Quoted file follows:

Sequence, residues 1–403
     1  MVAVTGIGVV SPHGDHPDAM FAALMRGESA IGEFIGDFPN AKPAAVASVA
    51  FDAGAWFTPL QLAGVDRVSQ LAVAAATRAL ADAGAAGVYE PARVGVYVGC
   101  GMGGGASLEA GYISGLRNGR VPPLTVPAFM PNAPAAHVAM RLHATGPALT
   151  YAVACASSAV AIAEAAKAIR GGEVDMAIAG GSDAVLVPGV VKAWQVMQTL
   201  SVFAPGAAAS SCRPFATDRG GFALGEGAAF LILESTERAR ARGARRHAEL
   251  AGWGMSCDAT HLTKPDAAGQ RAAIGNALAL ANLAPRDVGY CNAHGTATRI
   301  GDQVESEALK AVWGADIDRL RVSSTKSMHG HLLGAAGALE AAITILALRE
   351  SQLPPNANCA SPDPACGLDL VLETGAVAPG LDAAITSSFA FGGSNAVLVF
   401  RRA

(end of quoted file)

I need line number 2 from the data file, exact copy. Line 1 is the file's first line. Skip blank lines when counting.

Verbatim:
     1  MVAVTGIGVV SPHGDHPDAM FAALMRGESA IGEFIGDFPN AKPAAVASVA